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Mortality Among Men with Advanced Prostate Cancer Excluded from the ProtecT Trial

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Johnston, TJ 
Shaw, GL 
Lamb, AD 
Parashar, D 
Greenberg, D 


Background: Early detection and treatment of asymptomatic men with advanced and high-risk prostate cancer (PCa) may improve survival rates.

Objective: To determine outcomes for men diagnosed with advanced PCa following prostate-specific antigen (PSA) testing who were excluded from the ProtecT randomised trial.

Design, setting, and participants: Mortality was compared for 492 men followed up for a median of 7.4 yr to a contemporaneous cohort of men from the UK Anglia Cancer Network (ACN) and with a matched subset from the ACN.

Outcome measurements and statistical analysis: PCa-specific and all-cause mortality were compared using Kaplan-Meier analysis and Cox’s proportional hazards regression.

Results and limitations: Of the 492 men excluded from the ProtecT cohort, 37 (8%) had metastases (N1, M0 = 5, M1 = 32) and 305 had locally advanced disease (62%). The median PSA was 17 μg/l. Treatments included radical prostatectomy (RP; n = 54; 11%), radiotherapy (RT; n = 245; 50%), androgen deprivation therapy (ADT; n = 122; 25%), other treatments (n = 11; 2%), and unknown (n = 60; 12%). There were 49 PCa-specific deaths (10%), of whom 14 men had received radical treatment (5%); and 129 all-cause deaths (26%). In matched ProtecT and ACN cohorts, 37 (9%) and 64 (16%), respectively, died of PCa, while 89 (22%) and 103 (26%) died of all causes. ProtecT men had a 45% lower risk of death from PCa compared to matched cases (hazard ratio 0.55, 95% confidence interval 0.38–0.83; p = 0.0037), but mortality was similar in those treated radically. The non-randomised design is a limitation.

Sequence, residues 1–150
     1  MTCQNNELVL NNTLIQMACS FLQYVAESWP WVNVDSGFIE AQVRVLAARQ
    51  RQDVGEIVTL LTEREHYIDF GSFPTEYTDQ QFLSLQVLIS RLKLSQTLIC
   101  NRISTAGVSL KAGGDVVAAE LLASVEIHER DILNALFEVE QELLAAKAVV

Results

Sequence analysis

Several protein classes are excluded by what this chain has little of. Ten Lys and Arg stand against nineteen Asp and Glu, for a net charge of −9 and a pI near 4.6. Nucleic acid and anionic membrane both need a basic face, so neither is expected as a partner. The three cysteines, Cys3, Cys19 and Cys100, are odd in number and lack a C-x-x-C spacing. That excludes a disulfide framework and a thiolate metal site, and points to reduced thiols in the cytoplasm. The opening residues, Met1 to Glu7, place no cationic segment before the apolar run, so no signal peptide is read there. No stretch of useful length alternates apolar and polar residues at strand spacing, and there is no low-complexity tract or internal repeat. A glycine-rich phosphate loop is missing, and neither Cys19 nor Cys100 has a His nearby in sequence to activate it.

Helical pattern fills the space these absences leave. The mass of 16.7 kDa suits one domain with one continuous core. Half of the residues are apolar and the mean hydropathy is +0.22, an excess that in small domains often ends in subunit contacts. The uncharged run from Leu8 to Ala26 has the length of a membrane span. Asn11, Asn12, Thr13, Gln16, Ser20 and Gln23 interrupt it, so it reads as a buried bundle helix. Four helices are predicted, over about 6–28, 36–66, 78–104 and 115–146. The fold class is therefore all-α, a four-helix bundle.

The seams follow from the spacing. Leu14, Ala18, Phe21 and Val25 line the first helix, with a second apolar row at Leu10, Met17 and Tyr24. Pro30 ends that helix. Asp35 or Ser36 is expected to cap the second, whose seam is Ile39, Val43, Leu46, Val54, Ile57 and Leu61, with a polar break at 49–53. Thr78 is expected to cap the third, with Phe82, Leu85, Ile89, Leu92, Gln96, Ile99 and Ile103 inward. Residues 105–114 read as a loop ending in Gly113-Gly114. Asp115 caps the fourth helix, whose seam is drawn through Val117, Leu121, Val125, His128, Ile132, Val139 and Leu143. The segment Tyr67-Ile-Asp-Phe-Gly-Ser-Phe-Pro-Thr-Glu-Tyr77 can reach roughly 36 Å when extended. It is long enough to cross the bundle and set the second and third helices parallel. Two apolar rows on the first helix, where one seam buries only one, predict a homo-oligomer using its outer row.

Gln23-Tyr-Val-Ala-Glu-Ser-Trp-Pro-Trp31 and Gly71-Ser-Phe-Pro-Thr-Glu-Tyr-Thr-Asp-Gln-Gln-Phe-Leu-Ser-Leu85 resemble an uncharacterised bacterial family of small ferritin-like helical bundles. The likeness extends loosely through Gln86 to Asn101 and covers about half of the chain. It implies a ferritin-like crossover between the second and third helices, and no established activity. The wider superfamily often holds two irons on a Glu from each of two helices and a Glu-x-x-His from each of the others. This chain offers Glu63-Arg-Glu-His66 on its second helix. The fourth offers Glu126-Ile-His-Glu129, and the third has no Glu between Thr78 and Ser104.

Conclusions: Men with PSA-detected advanced PCa excluded from ProtecT and treated radically had low rates of PCa death at 7.4-yr follow-up. Among men who underwent nonradical treatment, the ProtecT group had a lower rate of PCa death. Early detection through PSA testing, leadtime bias, and group heterogeneity are possible factors in this finding.

Patient summary: Prostate cancer that has spread outside the prostate gland without causing symptoms can be detected via prostate-specific antigen testing and treated, leading to low rates of death from this disease.



prostate cancer, prostate-specific antigen screening, survival

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European Urology

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Prostate Cancer UK (PA14-022)
The ProtecT trial is funded by the UK National Institute for Health Research (NIHR) Health Technology Assessment Programme (projects 96/20/06, 96/20/99) with the University of Oxford as sponsor ( The sponsor played a role in the design and conduct of the study. Jenny L. Donovan is supported by the NIHR Collaboration for Leadership in Applied Health Research and Care West, hosted by University Hospitals Bristol NHS Foundation Trust. Freddie C. Hamdy is supported by the Oxford NIHR Biomedical Research Centre Surgical Innovation and Evaluation Theme, and the Cancer Research UK Oxford Centre.